Flawed Thinking in "The Joy of Cooking?" Study

While I was traveling a couple of weeks ago, this study, called The Joy of Cooking?, came out and caused a little stir in the home cooking world. In it, three sociologists argue that encouraging home cooking should not be a part of fixing our food system.

As you know, I am all about home cooking, so this got my attention.  I've read the study and many responses to it now, and I am not persuaded at all. While they raise some legitimate concerns about poverty, none of their arguments change my feeling that more home cooking is a worthwhile goal.  

My main problem with the study is the straw man they set up. They argue that people are frustrated by feeling the need to cook some "ideal foodie" three hour extravaganza and give examples of families attempting that.  They suggest that because Michael Pollan can seem a little elitist, that all proponents of home cooking (and presumably this would include Michelle Obama's Let's Move which has identified home cooking as a piece of the fix, and ME!) are pushing "ideal" as the standard.

This is not only ridiculous, but really wrongheaded, perpetuating the myth that unless we create a dinner party worthy masterpiece we’re not really cooking, that unless we have the time to achieve this "foodie ideal" (and they use the words "foodie" and  "ideal" repeatedly) that we might as well throw in the dishtowel. "Ideal"is dangerous thinking and should not be a standard in the food world any more than it should be in the body image arena.  As Megan McArdle says in her response to the study, "don't make the perfect the enemy of the adequate."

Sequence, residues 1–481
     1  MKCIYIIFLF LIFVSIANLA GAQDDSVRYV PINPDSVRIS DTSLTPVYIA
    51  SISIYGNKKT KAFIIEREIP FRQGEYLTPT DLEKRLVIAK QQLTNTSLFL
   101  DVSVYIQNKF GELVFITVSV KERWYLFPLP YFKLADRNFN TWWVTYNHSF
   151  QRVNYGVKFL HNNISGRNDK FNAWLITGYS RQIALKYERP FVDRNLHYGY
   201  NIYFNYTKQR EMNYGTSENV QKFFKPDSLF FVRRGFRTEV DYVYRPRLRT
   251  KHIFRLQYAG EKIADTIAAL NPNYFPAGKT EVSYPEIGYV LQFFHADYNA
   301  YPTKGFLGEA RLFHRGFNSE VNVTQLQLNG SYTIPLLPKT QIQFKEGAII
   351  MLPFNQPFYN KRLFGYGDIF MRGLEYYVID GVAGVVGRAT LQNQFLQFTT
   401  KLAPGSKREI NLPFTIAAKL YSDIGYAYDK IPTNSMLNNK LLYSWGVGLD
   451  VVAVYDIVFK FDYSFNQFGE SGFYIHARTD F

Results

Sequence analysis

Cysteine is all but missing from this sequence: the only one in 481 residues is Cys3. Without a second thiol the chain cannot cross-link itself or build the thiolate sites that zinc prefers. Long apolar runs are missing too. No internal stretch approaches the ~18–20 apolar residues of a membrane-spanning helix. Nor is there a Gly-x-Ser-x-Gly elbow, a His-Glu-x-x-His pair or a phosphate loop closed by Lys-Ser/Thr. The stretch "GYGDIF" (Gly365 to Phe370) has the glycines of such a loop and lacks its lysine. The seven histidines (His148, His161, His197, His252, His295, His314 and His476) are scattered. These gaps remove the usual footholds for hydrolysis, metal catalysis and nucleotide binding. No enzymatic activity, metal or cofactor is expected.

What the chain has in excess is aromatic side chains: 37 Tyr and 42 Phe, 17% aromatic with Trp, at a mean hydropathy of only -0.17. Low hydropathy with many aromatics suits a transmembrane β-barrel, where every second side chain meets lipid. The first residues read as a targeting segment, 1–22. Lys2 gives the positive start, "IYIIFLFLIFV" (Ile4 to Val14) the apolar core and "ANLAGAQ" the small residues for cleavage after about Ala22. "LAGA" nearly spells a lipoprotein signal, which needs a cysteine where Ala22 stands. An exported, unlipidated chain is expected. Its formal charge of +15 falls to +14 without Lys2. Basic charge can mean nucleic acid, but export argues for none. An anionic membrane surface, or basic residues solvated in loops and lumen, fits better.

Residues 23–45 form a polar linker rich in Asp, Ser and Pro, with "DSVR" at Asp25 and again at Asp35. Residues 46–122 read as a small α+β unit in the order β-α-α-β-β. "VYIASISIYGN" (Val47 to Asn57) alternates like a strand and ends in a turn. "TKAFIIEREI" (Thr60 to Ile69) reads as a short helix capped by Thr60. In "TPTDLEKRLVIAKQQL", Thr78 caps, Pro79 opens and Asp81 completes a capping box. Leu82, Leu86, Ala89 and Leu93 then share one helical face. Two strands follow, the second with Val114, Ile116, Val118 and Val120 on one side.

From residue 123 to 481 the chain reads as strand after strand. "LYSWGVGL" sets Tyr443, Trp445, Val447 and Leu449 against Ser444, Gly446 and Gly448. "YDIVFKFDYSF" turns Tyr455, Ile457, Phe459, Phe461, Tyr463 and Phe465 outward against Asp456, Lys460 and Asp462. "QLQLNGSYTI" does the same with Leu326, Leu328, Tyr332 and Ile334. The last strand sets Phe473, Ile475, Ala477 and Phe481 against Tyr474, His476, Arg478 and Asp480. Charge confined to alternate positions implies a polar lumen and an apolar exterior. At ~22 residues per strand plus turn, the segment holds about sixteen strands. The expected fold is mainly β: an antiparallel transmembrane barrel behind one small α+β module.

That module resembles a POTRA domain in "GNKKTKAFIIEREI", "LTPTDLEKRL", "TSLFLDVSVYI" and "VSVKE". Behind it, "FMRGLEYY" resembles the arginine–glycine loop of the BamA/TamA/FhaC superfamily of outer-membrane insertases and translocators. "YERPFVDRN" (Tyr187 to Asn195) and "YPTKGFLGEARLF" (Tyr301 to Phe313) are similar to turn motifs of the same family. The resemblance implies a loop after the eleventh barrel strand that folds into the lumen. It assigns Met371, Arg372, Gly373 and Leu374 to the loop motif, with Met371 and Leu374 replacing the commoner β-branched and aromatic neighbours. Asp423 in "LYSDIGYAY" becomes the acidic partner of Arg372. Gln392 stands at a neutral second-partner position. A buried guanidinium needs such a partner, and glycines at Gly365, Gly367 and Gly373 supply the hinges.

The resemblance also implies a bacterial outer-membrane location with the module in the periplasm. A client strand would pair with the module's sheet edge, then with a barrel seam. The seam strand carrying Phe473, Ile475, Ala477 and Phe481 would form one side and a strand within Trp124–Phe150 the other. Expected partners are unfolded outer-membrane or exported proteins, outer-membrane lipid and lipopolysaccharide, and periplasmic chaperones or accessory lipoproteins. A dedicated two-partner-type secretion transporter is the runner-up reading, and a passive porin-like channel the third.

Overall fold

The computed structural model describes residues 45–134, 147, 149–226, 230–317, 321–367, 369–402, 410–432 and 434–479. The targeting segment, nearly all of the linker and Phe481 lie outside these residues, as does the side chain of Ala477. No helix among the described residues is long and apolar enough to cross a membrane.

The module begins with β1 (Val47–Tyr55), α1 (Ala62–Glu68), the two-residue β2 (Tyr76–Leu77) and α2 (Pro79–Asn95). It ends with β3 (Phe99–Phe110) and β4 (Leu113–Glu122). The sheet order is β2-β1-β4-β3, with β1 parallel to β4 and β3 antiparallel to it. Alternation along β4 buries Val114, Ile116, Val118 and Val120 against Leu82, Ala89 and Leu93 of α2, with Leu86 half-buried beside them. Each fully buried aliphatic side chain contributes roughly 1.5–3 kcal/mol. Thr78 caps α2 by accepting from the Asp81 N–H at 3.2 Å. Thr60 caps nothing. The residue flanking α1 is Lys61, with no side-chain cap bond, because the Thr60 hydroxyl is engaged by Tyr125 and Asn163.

Using reasonable shortcuts and some packaged items that are thoughtfully chosen we can make home cooking possible for many of us, even on those busy weekdays. We need to approach cooking from a place without guilt or judgment.  We are all doing the best we can with what we have - time, money, space, interest - and should feel good about whatever steps we can take to make our food just a little bit healthier.  This is not an all or nothing venture. 

The home cooking movement is just one strand of many needed to repair our food system and turn back the obesity epidemic and its resulting health ramifications. The authors describe some families living in severe poverty and their particular challenges to home cooking. There is no dispute that there is much work to be done to help such families with food access and poverty relief in general, as well as continued and increased access to healthier foods and teaching about them in schools. But, as government and community groups attempt to assuage these problems (and we should all be activists fighting for changes that help all families eat more healthfully) we should not discount the value of home cooking in the mix, when it is at all possible. 

Baby steps are still steps in the right direction.